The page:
Pacific island nations face severe economic decline due to the effects of global
warming on coral reefs, which currently represent a key source of income, according to a Greenpeace report released Friday.
Tuvalu and Kiribati, tiny island nations, are most vulnerable, but by 2020 the
other 11 nations studied -- American Samoa, Cook Islands, Fiji, French Polynesia,
Nauru, New Caledonia, Palau, Solomon Islands, Tonga, Vanuatu and Samoa --
will also likely face bleak economic conditions, according to the report, Pacific in
Peril (Greenpeace report, 26 Oct. Note: You may need to download free software
to view this PDF file).
The report was released in Kiribati to coincide with a meeting of leaders from 14
Pacific island nations on Kiribati's Tarawa atoll (Agence France-Presse, 26 Oct).
"The socioeconomic impacts identified in the paper are so profound that they dwarf
any strategic issue currently confronting a major peacetime economy," according to
the report's executive summary.
Due to the continuing warming of the Pacific Ocean, which already heated 0.79
degrees Celsius over the past century, within the next 20 to 50 years corals will no
longer be the dominant organisms on coral reefs, the report said.
"Planning must begin now to deal with the growing vulnerability of coastal
dwellings and with other impacts on societies in which the majority of the
populations depend on subsistence living, based on access to healthy reef systems
and associated produce," the report said. "International action is clearly required to secure the funding and technical assistance required to protect and, ultimately,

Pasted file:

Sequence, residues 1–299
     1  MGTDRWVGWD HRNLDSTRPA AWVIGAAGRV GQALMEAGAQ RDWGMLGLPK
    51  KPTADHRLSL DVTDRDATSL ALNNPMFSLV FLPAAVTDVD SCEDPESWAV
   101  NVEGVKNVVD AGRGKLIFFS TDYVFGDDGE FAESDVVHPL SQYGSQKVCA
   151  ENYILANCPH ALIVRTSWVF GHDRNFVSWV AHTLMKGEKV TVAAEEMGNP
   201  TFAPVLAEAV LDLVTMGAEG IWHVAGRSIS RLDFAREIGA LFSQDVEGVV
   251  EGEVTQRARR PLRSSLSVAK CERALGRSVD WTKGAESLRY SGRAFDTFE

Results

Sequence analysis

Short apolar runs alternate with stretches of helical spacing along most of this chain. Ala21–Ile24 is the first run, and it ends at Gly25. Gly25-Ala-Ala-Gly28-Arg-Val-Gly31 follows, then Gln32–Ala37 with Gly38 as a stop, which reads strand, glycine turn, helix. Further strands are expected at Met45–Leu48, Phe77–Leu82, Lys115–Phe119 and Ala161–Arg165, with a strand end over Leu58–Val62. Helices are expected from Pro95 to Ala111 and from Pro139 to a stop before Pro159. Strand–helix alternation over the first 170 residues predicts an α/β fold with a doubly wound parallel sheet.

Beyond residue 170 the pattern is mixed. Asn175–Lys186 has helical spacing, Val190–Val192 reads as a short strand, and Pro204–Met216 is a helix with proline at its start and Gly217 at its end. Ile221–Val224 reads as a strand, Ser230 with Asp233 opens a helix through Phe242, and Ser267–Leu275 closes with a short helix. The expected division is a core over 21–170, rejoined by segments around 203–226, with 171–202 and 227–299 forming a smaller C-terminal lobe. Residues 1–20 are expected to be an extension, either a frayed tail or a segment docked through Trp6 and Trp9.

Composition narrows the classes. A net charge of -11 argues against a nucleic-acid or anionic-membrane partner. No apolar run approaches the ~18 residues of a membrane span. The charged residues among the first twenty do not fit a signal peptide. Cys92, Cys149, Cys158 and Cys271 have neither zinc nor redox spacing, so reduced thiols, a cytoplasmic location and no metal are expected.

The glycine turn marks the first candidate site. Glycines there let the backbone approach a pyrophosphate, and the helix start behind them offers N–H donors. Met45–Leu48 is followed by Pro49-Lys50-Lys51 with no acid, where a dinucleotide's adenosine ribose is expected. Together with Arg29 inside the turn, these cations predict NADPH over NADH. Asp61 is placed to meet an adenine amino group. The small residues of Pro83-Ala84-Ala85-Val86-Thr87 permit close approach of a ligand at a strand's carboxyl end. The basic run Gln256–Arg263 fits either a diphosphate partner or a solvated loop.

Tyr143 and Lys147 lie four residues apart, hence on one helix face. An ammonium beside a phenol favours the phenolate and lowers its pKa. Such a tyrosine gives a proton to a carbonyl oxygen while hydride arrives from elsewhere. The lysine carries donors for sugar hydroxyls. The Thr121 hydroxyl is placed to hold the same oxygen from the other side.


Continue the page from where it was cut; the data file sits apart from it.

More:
rehabilitate the Pacific community of nations" (Greenpeace report, 16 Oct).
"No one can read this report and remain unmoved by the scale of devastation
facing Pacific countries from climate change," said Greenpeace campaigner Kitsy
McMullen. "Governments must go to the November climate summit on the Kyoto
Protocol in The Hague prepared to agree on real action to prevent further climate
change" (Greenpeace release, 26 Oct).
A report released by the UN Intergovernmental Panel on Climate Change last
week found that if greenhouse gas emissions are not curbed, the average surface
temperature of the planet will increase between 2.7 and 11 degrees Fahrenheit by
the end of this century, significantly more than estimated five years ago (UN Wire,
Low-lying Pacific Island countries have long been warning of the environmental
and global consequences they face from global warming (Reuters/PlanetArk, 30
Oct). As Greenpeace released its report, Tuvalu Prime Minister Ionatana
Ionatana criticized developed nations for failing to keep the spirit of the Kyoto
Protocol by not taking sufficient action on global warming (Radio New Zealand
International/BBC Worldwide Monitoring, 27 Oct).
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